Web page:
18 February 2013

Hispanic visions of community.

For some Republicans, Senator Rubio of Florida is the great brown hope: a Hispanic who articulates "traditional" American values, i.e. the Republican party ideology of the 1960s to the present day. For some Hispanics, Rubio is a sellout: a powerful Hispanic politician who sides with the Republican party ideology of the 1960s to the present day.  Paul Ortiz, a professor from Rubio's own state, recently wrote a rebuttal to Rubio's rebuttal of President Obama's annual message to Congress. Ortiz caricatures Rubio's position somewhat, noting that the Senator "acknowledged that his own family had benefited from government programs" while "attacking the premise that government can help individuals and families address problems of economic inequality." In fact, Rubio said that government "plays a crucial part in keeping us safe, enforcing rules, and providing some security against the risks of modern life." What he attacked was the ideological straw man Republicans use as an effigy for liberalism: the notion that liberals, or Democrats, believe that government has the solution of first and best support for every problem. Thus he caricatured the President's position as a belief that "our problems were caused by a government that was too small." Caricature is the art of partisanship, so it shouldn't surprise us even if it still offends us. But is Ortiz guilty of caricature when he writes that "Rubio avoided even a mention of community in his address" and accuses the Senator of not actually believing in community? This is a crucial question for Ortiz, since he asserts that Hispanics prefer Obama because the President invokes "the idea of community or communities" so often.

What does community mean to Ortiz? He writes: "In Hispanic cultures, the idea of community and mutual aid is held in high regard." You'll find no explicit rejection of the idea of mutual aid in Rubio's speech. Instead, addressing the President, Rubio noted that he lived "in the same working-class neighborhood I grew up in," and said, "I don’t oppose your plans because I want to protect the rich. I oppose your plans because I want to protect my neighbors, hard-working middle-class Americans who don’t need us to come up with a plan to grow the government. They need a plan to grow the middle class. [emphasis added]." We may not want to make too much of this, since it would be blatantly impolitic had Rubio said that "I want to protect myself" and left it at that. There's clearly some space between the implicit community that includes Rubio and his neighbors and the community Ortiz writes about. The most obvious difference is an implicit one. For Ortiz, we can infer, government is part of the community, while Rubio sees some essential distance between the two entities. The Senator might well praise the idea of "mutual aid," but he'd probably see dependence upon government programs as a contradiction of the principle. Haunted by the specter of the Cuba his parents fled, he most likely idealizes a form of "civil society" that must retain some independence from the state if society is to be civil. As a Republican, Rubio may see a threat to "community" or civil society from the state where Ortiz doesn't. We shouldn't belittle anyone's concern for civil society just because they're Republicans; civil society is the embodiment of a freedom of association that tyrants despise and the rest of us ought to take for granted. The problem with Republicans is their reluctance to acknowledge that politics is the same freedom of association in another form and just as essential to community. They live in a utopia -- a nowhere, that is -- where we're all free to associate yet can't be trusted to make rules of association beyond a bare minimum, because that'd ruin it somehow. It might be fair to ask someone like Ortiz if he envisions a point where government ceases to be synonymous with community and becomes a threat or hindrance to it, but it's just as fair to ask whether Rubio has picked a point and drawn a line far too early. The fairest question is whether there really is a "Hispanic idea" of community. We should ask that one before we judge whether Ortiz or Rubio comes closer to it.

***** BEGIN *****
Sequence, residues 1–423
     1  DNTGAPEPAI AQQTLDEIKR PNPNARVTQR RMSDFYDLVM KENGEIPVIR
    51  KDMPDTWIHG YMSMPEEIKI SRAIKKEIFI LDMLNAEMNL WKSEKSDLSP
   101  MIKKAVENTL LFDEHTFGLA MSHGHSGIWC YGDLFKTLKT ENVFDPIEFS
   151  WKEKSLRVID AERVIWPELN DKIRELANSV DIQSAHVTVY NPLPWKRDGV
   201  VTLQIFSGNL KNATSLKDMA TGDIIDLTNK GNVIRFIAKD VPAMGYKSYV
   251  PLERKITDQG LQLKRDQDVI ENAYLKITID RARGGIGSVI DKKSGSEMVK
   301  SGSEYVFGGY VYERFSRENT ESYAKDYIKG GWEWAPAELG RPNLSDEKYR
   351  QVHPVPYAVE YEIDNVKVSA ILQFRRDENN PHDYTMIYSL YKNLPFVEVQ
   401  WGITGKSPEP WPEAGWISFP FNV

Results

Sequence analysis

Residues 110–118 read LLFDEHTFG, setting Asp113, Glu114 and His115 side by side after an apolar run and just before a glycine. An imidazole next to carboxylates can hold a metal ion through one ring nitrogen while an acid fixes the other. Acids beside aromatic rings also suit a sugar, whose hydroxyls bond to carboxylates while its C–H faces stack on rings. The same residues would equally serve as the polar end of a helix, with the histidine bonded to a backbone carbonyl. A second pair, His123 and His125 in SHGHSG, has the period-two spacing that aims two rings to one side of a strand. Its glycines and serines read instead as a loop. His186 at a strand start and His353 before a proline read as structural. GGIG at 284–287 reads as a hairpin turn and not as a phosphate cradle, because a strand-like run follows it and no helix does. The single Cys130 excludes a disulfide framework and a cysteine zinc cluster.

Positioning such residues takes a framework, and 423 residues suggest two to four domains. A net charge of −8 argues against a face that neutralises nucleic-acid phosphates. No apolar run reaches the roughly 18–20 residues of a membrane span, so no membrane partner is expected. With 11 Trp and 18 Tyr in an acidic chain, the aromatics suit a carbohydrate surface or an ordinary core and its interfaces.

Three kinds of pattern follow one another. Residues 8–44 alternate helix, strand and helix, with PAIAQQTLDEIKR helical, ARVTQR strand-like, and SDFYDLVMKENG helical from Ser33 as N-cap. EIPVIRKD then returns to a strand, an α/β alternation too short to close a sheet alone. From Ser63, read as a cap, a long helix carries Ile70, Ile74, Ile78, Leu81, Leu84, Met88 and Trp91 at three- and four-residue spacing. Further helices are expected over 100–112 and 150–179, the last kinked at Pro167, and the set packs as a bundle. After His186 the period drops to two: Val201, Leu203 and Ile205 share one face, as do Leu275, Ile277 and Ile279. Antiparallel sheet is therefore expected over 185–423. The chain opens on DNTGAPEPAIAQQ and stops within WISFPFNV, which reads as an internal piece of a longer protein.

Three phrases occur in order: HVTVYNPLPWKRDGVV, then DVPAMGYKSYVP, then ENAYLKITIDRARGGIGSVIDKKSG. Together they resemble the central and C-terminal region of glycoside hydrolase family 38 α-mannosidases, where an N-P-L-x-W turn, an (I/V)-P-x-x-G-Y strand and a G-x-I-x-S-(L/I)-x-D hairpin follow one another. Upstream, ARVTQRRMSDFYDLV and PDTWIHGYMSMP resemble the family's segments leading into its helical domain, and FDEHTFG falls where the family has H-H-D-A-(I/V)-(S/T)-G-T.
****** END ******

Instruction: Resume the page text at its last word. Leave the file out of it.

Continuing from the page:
1 comment:

Anonymous said...

Both sides of the aisle represent the same thing from a certain perspective. They both represent the status quo, or at least their idea of what the status quo should be. To me it seems that a big part of the problem is the status quo.

There is, and should be, only ONE community: The American community. Any person or group that tries to break that down into "black" or "hispanic" or "christian" or whatever is missing the whole point of what America is, of what a community is (at least here in the 21st century).